Maximizing the Mainframe

eWeek and CIO Insight had a nice article on the resurgence of the mainframe.   In the article the author, Darryl Taft likens that the mainframe continues to go on and on like the Energizer bunny.

The fun doesn't end there, though. Ben Worthen takes that article and posts to his blog at the Wall Street Journal:   The Dinosaurs won't die!  There's a lot of truth to that. We recently celebrated the 40th anniversary of the mainframe. I can remember when Carl Conti was the leader of the Data Processing Division back when the mainframe was 25 years old. At the time, he stated that the Dinosaurs lived for over 25 million years. As such, this dinosaur of a computer, at a mere 25 years then, had a long and storied life ahead of us. Still in its infancy then, this venerable mainframe has a long way to go.

In response to the WSJ blog, I posted the following:

Great post. You’re hitting on a really important trend: corporate data centers around the world are stuffed with too many computers that consume way too much energy, take up too much real estate and cost too much to administer. That’s a big reason for the renaissance of the IBM mainframe — one of the most technically advanced and secure computing systems in the world.

Reflecting over a billion dollars of investment over the past decade, the mainframe’s automated virtual environment sets the standard for consolidating large numbers of smaller servers to save space, labor and energy. And this is not just about the mainframe. The mainframe is open and plays nice with other hardware and software — including kiosks, desktops, ATMs, PDAs or web browsers as the new human computer interfaces (instead of those “old school” punch cards). This openness along with secure, reliable operations… makes it a great hub for global collaboration at companies running around the clock.

One excellent source of information on the mainframe’s strengths is Gartner’s recently-completed in-depth study of how one customer, Nationwide Insurance, consolidated hundreds of smaller servers onto the system. Nationwide projects its savings of $15 million over three years, including a 50 percent decrease in hardware and operating system support costs and an 80 percent reduction in floor space and energy usage. You can read the full report here:
http://mediaproducts.gartner.com/gc/reprints/ibm/external/volume2/article13/pdf/article13.pdf

We've got plenty of history behind us and more to create with this constantly evolving Dinosaur and it will just keep on running.



 

by JimPorell July 24, 2007 in History
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What's in a name? Send us your feedback.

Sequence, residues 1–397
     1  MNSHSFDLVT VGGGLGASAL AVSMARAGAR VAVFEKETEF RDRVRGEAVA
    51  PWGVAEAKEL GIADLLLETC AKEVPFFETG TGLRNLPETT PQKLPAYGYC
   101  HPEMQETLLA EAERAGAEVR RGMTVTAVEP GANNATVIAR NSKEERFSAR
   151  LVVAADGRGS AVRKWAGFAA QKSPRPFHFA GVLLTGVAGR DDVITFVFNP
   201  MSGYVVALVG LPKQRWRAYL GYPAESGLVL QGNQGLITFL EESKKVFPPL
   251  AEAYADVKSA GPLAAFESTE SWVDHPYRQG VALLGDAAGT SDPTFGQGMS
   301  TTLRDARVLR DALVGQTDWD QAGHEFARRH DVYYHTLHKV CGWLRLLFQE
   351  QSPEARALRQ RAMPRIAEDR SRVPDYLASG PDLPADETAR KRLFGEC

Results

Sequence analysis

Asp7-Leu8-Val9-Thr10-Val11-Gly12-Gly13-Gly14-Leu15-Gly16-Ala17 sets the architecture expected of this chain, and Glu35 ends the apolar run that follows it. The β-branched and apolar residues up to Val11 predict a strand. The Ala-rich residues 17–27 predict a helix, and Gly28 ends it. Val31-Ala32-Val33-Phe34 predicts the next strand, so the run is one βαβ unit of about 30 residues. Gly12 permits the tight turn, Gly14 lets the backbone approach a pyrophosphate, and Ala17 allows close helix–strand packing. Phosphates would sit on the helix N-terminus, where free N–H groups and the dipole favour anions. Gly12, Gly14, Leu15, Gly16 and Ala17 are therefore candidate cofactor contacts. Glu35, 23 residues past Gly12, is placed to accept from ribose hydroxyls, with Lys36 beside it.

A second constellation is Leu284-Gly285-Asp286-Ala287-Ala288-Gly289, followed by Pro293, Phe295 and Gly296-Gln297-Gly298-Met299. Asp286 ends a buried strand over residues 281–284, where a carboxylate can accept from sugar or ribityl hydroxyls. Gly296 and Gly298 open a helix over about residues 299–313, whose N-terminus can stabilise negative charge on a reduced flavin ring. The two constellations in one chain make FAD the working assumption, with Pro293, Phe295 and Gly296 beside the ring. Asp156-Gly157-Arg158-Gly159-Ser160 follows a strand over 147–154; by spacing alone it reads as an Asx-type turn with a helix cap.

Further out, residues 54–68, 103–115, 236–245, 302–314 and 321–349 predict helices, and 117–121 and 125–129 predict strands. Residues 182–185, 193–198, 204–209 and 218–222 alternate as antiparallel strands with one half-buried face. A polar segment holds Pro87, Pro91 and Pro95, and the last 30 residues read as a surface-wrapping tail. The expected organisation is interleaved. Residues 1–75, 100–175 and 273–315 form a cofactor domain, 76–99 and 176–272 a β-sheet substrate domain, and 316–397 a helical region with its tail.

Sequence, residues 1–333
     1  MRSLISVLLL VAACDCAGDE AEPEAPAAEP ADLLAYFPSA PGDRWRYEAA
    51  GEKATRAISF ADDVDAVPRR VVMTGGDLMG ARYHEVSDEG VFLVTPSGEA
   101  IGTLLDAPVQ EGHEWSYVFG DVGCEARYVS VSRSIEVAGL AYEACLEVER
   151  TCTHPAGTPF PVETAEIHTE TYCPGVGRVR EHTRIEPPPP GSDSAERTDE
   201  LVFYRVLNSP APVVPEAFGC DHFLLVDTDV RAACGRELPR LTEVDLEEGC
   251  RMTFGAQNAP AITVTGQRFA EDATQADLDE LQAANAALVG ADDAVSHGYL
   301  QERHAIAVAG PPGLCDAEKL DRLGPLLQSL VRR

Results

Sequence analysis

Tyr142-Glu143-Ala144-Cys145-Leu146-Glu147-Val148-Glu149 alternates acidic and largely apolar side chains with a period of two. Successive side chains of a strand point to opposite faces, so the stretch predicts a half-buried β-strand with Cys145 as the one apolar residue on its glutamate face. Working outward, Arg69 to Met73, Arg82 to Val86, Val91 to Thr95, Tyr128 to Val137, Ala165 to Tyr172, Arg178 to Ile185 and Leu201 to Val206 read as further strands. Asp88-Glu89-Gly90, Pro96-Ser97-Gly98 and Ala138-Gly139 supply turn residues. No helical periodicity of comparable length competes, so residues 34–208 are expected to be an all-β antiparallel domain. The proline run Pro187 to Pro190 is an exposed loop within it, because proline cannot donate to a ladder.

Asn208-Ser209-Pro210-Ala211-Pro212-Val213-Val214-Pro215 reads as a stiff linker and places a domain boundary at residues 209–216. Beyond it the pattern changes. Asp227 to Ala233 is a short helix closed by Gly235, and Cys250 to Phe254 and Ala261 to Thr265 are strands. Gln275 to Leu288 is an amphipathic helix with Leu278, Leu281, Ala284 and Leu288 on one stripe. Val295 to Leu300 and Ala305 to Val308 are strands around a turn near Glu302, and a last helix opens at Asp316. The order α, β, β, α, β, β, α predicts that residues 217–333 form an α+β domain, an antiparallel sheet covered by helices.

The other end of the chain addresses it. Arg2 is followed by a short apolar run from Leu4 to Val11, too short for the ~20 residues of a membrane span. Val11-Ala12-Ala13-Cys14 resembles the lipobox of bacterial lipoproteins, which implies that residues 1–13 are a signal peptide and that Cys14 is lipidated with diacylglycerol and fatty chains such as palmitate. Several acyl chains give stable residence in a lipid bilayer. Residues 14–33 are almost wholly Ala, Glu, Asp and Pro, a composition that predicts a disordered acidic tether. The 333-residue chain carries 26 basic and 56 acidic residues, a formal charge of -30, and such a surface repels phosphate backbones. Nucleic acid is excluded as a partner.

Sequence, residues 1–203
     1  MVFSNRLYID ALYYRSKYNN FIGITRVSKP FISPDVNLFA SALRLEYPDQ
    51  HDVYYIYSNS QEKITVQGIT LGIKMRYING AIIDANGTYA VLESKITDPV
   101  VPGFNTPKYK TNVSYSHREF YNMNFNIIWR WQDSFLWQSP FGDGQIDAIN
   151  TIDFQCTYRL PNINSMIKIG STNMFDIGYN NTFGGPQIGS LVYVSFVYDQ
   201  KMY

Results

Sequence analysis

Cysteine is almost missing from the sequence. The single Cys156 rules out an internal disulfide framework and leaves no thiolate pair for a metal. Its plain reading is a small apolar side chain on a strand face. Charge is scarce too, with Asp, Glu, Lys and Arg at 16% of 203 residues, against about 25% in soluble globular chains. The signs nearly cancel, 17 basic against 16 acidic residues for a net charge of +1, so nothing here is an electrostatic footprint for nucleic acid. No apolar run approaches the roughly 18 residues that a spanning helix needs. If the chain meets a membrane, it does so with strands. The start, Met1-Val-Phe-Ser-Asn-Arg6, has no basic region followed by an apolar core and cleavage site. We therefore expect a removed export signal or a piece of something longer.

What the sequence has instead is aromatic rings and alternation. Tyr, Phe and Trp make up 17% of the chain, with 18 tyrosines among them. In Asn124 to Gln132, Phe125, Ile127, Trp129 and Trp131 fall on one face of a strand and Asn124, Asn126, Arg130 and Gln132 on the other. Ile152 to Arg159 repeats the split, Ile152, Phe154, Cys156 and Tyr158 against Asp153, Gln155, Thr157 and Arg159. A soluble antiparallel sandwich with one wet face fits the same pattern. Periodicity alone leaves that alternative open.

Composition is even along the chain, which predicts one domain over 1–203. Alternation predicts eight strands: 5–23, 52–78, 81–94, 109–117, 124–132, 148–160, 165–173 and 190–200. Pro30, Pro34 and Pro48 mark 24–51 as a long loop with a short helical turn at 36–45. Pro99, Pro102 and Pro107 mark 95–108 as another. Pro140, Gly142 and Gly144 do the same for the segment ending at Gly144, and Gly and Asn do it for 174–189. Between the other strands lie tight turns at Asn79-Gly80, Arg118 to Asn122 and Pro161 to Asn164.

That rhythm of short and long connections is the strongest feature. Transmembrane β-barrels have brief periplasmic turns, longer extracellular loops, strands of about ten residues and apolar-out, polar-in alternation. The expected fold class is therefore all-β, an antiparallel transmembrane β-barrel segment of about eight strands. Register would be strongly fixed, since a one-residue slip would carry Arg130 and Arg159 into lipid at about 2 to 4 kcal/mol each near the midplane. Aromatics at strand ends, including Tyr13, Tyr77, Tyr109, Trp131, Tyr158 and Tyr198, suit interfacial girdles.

In watching the recent Transformers movie - and seeing/hearing the word "mainframe" come up a few times - I began to wonder about just what the name stands for. 

On one hand, it's not uncommon that some mainframe enthusiasts consider the name itself to be somewhat archaic - to suggest that perhaps the vitality and new innovation around the mainframe platform is cheated by the antiquity of its own name.

On the other hand, the most common public uses of the term recently seem to be coming from very youthful and non-intuitive sources.

I took a spin around the web and found a number of interesting uses of the word "mainframe."  You might be surprised at what I found.  Some are old and others new - but each of them are surprisingly cool.

So here is the question:  Is the word "mainframe" lugging baggage behind it, or is it actually, well, cool?

Lady_mainframe_3



Lady Mainframe - the avatar host of the popular internet gaming news source, Gaming News with Lady Mainframe.

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Dj_mainframe


Techno DJ in Germany, known as "DJ Mainframe"



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Gijoe_5





From the mid-80's toy series G.I. Joe, here is computer specialist "Mainframe."



 

YO JOE!






 

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Kites_2










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Transformers2_2





Here's another toy named "Mainframe," complete with push-button action.



 

 




 

 

 

 


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Mainframe_entertainment_inc_2


Creative services and entertainment consulting firm.

by Kevin Acocella July 13, 2007 in Future
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